Samuel Lover (February 24, 1797 Dublin – July 6, 1868) was an Irish songwriter, novelist, as well as a painter of portraits, chiefly miniatures. He was the grandfather of Victor Herbert.
Samuel was born at number 60 Grafton Street and went to school at Samuel Whyte's at 79 Grafton Street, now home to Bewley's cafe. By 1830 he was secretary of the Royal Hibernian Academy and lived at number 9 D'Olier Street.
Samuel eventually moved to London and made his main residence there.
Lover produced a number of Irish songs, of which several — including The Angel's Whisper, Molly Bawn, and The Four-leaved Shamrock — attained great popularity
A memorial in St Patrick's Cathedral, Dublin summarises his achievements Poet, painter, novelist and composer, who, in the exercise of a genius as distinguished in its versatility as in its power, by his pen and pencil illustrated so happily the characteristics of the peasantry of his country that his name will ever be honourably identified with Ireland.
This short biography came from Wikipedia and the poem itself from Old Irish Poems.
For incidental music:
Diane Arkenstone The Secret Garden See the Contributor page for more details.
Kim Robertson, Angels in Disguise. See the Contributor page for more details.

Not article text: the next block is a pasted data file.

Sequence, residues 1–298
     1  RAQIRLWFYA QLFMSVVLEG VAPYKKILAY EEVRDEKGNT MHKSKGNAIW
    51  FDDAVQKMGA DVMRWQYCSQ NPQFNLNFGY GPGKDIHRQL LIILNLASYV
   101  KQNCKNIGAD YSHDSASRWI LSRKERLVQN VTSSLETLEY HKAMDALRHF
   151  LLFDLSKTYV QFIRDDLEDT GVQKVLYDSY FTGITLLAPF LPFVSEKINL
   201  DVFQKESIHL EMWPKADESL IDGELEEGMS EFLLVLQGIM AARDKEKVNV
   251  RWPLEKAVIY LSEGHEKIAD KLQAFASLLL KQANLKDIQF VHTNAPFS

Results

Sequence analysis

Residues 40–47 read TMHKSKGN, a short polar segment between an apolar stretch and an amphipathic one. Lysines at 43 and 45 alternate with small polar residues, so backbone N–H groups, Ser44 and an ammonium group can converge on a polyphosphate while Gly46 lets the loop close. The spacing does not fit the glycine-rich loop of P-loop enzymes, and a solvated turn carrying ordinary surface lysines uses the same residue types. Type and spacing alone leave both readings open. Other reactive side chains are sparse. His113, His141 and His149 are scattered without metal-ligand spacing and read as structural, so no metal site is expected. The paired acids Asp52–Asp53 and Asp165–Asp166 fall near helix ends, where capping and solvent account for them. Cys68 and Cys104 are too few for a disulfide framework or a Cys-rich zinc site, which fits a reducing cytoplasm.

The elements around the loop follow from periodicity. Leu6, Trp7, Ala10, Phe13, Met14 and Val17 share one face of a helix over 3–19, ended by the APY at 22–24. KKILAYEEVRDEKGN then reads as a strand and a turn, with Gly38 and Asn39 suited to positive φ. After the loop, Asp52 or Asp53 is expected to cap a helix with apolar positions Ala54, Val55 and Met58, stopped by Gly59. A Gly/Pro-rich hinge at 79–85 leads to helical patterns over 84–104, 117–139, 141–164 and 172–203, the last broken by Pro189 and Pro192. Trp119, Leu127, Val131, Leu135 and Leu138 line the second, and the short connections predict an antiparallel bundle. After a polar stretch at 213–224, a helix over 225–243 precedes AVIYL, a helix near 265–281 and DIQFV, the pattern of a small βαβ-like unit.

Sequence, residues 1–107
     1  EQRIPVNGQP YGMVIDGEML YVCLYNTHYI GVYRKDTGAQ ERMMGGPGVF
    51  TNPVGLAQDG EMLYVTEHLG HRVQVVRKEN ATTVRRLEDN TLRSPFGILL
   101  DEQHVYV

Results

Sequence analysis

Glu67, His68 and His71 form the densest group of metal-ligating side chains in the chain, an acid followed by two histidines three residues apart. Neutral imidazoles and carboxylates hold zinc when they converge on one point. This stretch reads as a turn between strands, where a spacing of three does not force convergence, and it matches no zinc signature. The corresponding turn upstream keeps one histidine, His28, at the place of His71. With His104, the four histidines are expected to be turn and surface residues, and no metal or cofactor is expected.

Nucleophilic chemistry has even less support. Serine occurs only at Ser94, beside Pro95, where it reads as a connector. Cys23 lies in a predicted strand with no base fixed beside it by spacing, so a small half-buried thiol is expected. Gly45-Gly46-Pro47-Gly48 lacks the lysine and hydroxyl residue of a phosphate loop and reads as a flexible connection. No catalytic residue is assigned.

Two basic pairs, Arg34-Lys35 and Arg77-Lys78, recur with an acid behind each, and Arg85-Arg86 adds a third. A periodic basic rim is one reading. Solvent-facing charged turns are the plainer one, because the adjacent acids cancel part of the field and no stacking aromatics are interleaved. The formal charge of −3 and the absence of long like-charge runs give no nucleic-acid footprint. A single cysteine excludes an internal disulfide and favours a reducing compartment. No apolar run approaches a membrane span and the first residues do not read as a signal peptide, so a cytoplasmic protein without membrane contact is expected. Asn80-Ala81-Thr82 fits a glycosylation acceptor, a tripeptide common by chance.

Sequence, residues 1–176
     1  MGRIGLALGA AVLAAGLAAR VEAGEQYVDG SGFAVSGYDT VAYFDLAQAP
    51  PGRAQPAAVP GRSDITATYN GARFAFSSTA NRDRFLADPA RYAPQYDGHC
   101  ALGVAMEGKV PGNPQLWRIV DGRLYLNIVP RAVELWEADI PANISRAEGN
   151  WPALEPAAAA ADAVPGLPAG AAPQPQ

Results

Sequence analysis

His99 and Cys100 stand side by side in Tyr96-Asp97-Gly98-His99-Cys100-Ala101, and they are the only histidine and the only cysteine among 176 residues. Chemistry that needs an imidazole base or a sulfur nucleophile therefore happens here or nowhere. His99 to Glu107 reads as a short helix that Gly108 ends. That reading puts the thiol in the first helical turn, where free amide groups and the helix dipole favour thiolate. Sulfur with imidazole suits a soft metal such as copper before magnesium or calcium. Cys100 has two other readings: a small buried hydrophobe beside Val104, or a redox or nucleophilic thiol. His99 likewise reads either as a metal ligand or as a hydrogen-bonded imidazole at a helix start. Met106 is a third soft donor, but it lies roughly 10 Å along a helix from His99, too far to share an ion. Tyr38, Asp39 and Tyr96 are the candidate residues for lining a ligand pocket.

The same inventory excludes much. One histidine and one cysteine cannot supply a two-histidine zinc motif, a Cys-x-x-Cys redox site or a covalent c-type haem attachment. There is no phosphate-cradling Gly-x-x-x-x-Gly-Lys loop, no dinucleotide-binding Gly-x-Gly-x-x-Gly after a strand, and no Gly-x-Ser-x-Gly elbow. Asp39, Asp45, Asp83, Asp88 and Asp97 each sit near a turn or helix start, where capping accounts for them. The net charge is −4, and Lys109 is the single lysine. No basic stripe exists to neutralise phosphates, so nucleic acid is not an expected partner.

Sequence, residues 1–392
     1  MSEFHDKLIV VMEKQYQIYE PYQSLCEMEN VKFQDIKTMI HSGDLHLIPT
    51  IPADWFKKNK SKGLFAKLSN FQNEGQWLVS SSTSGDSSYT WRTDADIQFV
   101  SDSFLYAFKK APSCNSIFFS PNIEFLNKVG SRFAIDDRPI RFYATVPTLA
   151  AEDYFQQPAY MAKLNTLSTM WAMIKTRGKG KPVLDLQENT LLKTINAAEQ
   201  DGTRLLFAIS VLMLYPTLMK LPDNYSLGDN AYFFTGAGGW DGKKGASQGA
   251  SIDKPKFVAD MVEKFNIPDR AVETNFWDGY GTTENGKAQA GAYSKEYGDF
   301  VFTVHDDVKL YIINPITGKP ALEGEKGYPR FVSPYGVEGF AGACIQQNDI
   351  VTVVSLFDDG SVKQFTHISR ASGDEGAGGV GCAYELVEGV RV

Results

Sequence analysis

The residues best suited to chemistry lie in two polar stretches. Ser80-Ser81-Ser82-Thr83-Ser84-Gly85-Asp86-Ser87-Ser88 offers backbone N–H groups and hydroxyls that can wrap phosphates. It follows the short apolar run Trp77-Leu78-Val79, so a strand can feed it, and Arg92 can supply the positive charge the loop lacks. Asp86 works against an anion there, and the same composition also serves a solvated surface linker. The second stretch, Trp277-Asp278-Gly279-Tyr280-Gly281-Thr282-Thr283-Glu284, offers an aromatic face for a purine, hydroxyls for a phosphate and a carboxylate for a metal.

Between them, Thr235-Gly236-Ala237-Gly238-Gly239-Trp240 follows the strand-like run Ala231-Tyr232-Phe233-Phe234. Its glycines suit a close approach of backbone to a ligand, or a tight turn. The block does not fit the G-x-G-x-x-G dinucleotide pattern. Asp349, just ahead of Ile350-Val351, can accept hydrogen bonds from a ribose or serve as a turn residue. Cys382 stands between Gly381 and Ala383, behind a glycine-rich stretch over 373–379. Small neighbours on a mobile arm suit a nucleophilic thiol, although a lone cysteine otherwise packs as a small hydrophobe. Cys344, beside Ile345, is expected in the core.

Time Ticks Away by Jigger See the Contributor page for more details.
Appalachian Celtic Consort, Road to Lisdoonvarna/Tobin's from their album Come by the Hills. See their Contributor page for more details.
For our Theme music, special thanks go to Culann's Hounds, http://www.sfhounds.com See the Contributor page for more details.
Special thanks go for permission to use their inspired music to Keltoria. We play their track Twilight Sanctuary from their album Shadows & Stone in this episode. You can find out more about Keltoria on their website or on their Contributor page.
Special thanks go for permission to use her masterful music to Anne Roos. We play her wonderful Criagieburn Wood from her superb album Light in the Forest. You can find out more about Anne on her website or on her Contributor page.
And, of course, the Awen - inspiration and imagination!